First Advisor

Michael J. Smith

Date of Publication

Summer 8-8-2014

Document Type


Degree Name

Doctor of Education (Ed.D.) in Educational Leadership: Postsecondary Education


Educational Leadership and Policy




Male nurses -- Education -- Northwest, Pacific -- Case studies, Male nurses -- Education -- Northwest, Pacific -- Attitudes, Nursing -- Study and teaching (Higher) -- Northwest, Pacific -- Case studies, Sex role in the work environment -- Case studies, Stereotypes (Social psychology) -- Case studies



Physical Description

1 online resource (vii, 186 pages)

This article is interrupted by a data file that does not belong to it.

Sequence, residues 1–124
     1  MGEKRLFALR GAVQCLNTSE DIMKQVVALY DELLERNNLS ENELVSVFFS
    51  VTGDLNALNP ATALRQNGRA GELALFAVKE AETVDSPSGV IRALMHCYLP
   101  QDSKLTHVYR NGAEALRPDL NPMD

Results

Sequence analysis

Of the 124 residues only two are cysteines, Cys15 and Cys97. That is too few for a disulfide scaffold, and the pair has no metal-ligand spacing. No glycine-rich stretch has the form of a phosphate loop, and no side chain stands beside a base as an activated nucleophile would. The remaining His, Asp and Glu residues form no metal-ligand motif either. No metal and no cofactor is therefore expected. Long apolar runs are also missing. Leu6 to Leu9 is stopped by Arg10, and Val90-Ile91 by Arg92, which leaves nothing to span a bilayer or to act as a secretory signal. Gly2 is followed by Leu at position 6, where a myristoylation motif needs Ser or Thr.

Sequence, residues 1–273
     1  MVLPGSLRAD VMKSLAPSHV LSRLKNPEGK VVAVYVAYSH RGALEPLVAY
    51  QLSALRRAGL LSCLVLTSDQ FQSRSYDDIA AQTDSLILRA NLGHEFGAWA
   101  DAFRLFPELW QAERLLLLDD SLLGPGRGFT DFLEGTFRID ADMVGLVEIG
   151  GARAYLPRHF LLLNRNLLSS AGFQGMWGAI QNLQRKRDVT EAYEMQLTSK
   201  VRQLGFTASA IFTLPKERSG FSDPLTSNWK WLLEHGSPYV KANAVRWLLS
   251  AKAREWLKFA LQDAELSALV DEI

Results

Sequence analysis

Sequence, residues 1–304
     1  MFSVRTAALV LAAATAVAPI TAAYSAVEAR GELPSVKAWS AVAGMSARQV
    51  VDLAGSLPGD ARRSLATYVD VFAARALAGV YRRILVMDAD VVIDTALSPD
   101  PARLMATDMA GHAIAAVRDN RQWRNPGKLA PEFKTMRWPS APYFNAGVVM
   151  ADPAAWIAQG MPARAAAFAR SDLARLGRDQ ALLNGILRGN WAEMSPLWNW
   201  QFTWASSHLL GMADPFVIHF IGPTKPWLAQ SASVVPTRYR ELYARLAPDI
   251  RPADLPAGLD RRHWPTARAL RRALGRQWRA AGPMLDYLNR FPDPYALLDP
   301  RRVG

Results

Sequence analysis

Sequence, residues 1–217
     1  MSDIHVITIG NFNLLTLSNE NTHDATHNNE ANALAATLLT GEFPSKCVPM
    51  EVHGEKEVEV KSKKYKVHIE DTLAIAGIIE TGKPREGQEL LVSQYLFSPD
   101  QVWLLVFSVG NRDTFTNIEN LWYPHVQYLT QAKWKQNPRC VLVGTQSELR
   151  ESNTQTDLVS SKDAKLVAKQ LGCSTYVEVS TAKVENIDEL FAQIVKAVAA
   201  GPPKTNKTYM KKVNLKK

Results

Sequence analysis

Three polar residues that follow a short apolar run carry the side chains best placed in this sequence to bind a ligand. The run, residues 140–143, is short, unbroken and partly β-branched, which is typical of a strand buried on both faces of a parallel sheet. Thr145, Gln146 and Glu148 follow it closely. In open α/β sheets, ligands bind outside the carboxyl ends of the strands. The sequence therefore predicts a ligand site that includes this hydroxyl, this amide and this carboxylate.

In contemporary American society, the nursing profession is predominantly made up of white women. Currently, males make up only 6.8 percent of the three million nursing professionals in the U.S. and they are considered gender minorities within the nursing profession and within nursing education. As gender minorities, male students are identified as experiencing nursing programs and the practice of nursing differently than their female counterparts. The purpose of this single instrumental, within site case study was to explore the learning environment for male nursing students and to investigate the nature of the interactions between nursing faculty and male undergraduate students in a Pacific Northwest medical university nursing program. Data was collected in the educational setting through observations, participant interviews, and document analysis. In addition, this study used Kanter's theoretical framework of tokenism to uncover if male nursing students were perceived as tokens in the educational environment. The findings showed that the faculty-student interactions were largely positive; they also revealed that having other males in the class was an instrumental factor in their positive perception of their educational experience. However, the male nursing students also identified areas of discomfort in the educational setting, specifically when practicing clinical skills with female peers, feeling pressured to volunteer and to expose skin during in-class demonstrations, and anticipating that they would be excluded from certain clinical situations. This research indicated that gender differences are present within nursing education and contributed to instances of discomfort for male students. Specific barriers occurred most often when men engaged with female peers and were in clinical settings. These findings provide new insight into when and where men begin to experience gender barriers in the educational environment and are pertinent to understanding the educational environment for men in nursing. Recommendations specifically geared towards assisting students in their first term are suggested for nursing faculty and administrators to ensure that the learning environment is welcoming for men. These recommendations include consciously placing males together in cohort groups and in clinical experiences, reducing instances of visibility and pressure on men in the clinical setting, building faculty awareness of perceived and real barriers for men in the educational setting, and providing faculty with tools to assess and address barriers that are present in the classroom environment.


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